Politics & Government

Millions of dollars pour into Senate District 10 race

The battle for Senate District 10 has become just that — an all-out battle, drawing millions of dollars from supporters and bringing out a new round of attack ads.

As Republican Konni Burton and Democrat Libby Willis wind up their fight for the seat — vacated by Fort Worth Democrat Wendy Davis, who is running for governor — each campaign is fueled by more than $1 million in new donations.

Burton, a Colleyville conservative with Tea Party ties, took the fundraising lead this week, with more than $1.5 million in contributions since the end of September. Willis, a longtime Fort Worth community activist, picked up more than $1 million during that period as well, according to state reports.

“It’s really bizarre that this money is coming in this late,” said Jim Riddlesperger, a political science professor at TCU. “But both sides know this is the key Senate election in this state.

“It’s either the 11th vote for the Democrats or the 21st vote for Republicans,” he said. “It’s close. If it weren’t close, people wouldn’t be pouring a lot of money into it.”

On Tuesday afternoon, Willis was among those joining state Sen. Leticia Van de Putte, the Democratic nominee for lieutenant governor, at the Tarrant County Democratic Party headquarters for a get-out-the-vote rally.

In Fort Worth, Van de Putte asked supporters to help get people to the polls.

“We all need every single vote,” she said. “Don’t believe what they are telling you. This one is going to be close.”

Meanwhile, Texas Attorney General Greg Abbott, the GOP gubernatorial nominee, and state Sen. Dan Patrick of Houston, the GOP nominee for lieutenant governor, held their own rallies in Lubbock and Amarillo.

Early voting wraps up Friday. After that, voters will have one more chance on Election Day — from 7 a.m. to 7 p.m. Tuesday.

Senate District 10

Van de Putte cheered on Willis in the battle for SD10 on Tuesday.

The district — which includes Fort Worth, Arlington, Mansfield and Colleyville — is in play, political observers say, because it is neither solidly Republican nor solidly Democratic. It could move Republicans closer to a supermajority in the Senate, essentially removing Democrats’ ability to stop any proposal in the Legislature.

Burton’s donations include $100,000 from W.E. Bosarge Jr. of Houston; $100,000 from Tim Dunn, president of CrownQuest in Midland; and more than $745,000 from the Texans for Lawsuit Reform PAC, according to the most recent reports filed with the Texas Ethics Commission.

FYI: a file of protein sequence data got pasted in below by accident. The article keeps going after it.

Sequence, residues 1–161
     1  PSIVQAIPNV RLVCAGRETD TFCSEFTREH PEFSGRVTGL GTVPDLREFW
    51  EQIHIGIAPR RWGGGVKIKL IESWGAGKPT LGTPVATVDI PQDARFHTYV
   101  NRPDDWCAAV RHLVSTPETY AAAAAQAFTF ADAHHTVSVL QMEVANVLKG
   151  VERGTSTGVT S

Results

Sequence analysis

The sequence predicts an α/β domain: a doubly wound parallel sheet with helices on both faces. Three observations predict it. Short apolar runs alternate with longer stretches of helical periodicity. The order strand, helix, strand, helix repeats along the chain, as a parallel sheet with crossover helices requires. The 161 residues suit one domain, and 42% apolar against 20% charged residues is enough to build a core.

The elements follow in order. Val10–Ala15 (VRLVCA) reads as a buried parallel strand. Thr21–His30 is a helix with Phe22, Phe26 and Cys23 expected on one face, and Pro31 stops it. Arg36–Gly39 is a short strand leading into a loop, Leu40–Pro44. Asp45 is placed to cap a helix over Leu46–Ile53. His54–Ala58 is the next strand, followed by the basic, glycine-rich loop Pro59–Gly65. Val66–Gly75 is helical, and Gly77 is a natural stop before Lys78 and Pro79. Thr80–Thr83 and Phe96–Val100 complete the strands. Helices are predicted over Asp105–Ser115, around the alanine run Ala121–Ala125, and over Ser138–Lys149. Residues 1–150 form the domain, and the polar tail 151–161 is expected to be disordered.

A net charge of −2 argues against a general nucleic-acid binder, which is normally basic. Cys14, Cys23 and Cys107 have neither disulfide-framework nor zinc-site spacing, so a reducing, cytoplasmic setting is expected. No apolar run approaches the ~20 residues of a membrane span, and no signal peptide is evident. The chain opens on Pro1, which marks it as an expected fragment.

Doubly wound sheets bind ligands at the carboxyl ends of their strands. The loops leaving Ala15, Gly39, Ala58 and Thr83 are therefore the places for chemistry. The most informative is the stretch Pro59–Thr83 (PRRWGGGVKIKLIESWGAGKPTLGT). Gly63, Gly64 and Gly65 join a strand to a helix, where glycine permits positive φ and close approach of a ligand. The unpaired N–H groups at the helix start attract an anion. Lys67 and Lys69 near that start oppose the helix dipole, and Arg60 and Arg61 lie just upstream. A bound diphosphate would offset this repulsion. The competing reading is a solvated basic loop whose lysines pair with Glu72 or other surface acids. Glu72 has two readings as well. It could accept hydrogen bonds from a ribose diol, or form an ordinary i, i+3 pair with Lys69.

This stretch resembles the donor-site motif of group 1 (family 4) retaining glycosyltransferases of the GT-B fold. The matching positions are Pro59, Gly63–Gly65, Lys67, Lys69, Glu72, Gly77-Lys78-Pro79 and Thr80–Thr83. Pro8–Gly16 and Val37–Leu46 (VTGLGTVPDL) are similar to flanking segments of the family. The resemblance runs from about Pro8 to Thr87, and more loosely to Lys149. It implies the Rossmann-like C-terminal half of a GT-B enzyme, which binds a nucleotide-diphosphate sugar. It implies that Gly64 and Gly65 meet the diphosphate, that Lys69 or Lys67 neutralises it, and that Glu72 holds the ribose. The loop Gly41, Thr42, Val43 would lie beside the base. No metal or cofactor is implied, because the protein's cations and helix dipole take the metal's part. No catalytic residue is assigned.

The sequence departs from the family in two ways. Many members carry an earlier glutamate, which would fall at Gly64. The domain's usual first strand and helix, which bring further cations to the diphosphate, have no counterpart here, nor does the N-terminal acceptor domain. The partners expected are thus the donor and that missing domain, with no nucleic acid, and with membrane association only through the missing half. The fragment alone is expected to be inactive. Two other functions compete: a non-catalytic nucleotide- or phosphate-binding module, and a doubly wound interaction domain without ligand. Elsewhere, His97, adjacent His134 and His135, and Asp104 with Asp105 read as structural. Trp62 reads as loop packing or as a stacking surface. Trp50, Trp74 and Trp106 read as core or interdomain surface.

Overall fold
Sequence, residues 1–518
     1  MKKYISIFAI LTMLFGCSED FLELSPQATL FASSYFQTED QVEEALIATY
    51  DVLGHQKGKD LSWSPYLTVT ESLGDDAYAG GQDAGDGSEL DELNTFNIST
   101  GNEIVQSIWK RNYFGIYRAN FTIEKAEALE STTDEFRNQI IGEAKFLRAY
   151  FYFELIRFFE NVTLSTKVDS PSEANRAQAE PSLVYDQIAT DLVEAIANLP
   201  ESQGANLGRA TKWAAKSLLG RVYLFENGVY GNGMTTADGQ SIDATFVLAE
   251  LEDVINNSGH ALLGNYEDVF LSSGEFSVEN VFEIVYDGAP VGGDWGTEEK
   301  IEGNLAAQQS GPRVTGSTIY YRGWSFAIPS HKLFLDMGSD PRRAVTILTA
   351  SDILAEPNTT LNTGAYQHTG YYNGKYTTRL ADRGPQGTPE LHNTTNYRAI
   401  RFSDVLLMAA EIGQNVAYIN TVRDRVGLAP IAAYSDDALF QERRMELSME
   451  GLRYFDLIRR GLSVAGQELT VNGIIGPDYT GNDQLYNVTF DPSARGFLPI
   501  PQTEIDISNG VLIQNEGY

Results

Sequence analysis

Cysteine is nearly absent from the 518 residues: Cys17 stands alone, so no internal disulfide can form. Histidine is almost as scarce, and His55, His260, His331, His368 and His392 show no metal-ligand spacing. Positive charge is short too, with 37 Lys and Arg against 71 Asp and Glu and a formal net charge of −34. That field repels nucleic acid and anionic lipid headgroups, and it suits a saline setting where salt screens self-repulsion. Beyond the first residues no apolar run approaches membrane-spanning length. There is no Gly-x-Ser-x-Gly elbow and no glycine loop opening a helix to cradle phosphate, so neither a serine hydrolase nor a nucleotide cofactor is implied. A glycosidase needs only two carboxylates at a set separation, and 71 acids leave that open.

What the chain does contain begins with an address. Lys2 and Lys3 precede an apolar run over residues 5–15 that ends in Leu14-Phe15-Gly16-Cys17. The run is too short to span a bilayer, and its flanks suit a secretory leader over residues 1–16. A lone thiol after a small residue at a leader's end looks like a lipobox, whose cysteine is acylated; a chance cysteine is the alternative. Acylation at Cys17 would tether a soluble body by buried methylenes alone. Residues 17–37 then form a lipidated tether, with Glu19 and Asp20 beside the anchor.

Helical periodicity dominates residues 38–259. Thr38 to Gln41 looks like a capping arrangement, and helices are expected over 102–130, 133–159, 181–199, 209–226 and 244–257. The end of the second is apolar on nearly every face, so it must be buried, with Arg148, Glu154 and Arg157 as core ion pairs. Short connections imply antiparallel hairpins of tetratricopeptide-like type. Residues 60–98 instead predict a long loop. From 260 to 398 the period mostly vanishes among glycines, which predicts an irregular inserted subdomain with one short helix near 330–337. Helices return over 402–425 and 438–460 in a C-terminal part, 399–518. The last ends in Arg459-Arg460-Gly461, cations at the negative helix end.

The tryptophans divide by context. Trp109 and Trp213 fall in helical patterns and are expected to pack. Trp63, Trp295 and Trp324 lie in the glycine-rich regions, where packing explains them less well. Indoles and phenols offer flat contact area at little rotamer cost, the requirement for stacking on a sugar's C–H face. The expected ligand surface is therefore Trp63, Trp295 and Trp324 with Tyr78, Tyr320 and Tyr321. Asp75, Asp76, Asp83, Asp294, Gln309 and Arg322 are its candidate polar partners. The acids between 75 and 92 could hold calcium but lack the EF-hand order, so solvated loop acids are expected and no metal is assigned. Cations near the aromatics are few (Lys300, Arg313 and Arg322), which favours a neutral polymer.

Willis’ donations include $230,000 from Annie’s List, $350,000 from the Mostyn Law Firm in Austin and $10,000 from the Democratic Legislative Campaign Committee in Washington, D.C.

Both sides decried negative campaigning.

Burton’s campaign put out a television ad “calling Libby Willis out for her purely negative campaign,” according to a statement.

“Libby’s negative attacks show exactly what is wrong with politics today,” Burton said. “Though we desired to keep a campaign focused purely on the issues facing our district, Libby Willis has refused to talk about her vision and has instead resorted to making baseless accusations.”

Also on Tuesday, Texas Freedom Network President Kathy Miller condemned a “reprehensible anti-gay” mailer attacking Willis.

“These kinds of hateful campaign tactics represent politics at its worst,” Miller said. “To smear a candidate because she supports equality for everyone is shameful and out of step with Texas voters who are leaving that kind of bigotry in the past.”

Miller said in a statement that reports show the National Family Coalition sent out mailers charging that Willis is “pushing the radical homosexual agenda” and asking, “Is this Libby Willis’ vision for Texas?” Burton’s campaign said it is not affiliated with the group.

Race for lieutenant governor

Van de Putte signed autographs and posed for photos as more than 60 people showed up to welcome her at the Tarrant County Democratic Party headquarters.

Among those speaking in her behalf were Willis; U.S. Rep. Marc Veasey, D-Fort Worth; state Rep. Nicole Collier, D-Fort Worth; and Tejano musician “Little Joe” Hernandez.

Van de Putte, a San Antonio pharmacist, told supporters that her opponent — Patrick, a talk-show host who bested Lt. Gov. David Dewhurst for the GOP nomination in May — is not the right person to lead the Texas Senate.

“My mama always said if I don’t have anything nice to say, I shouldn’t say anything at all,” she said. “But Mama isn’t here.”

Even the Republican Party “knows Dan Patrick is totally wrong for this state,” she said. “All he does is vote ‘no.’ ”

Patrick has done much of his campaigning through ads. His newest TV commercial attacks Van de Putte’s record on education.

“Leticia Van de Putte is out of touch with Texas parents and wants Washington bureaucrats to run our schools,” the ad says.

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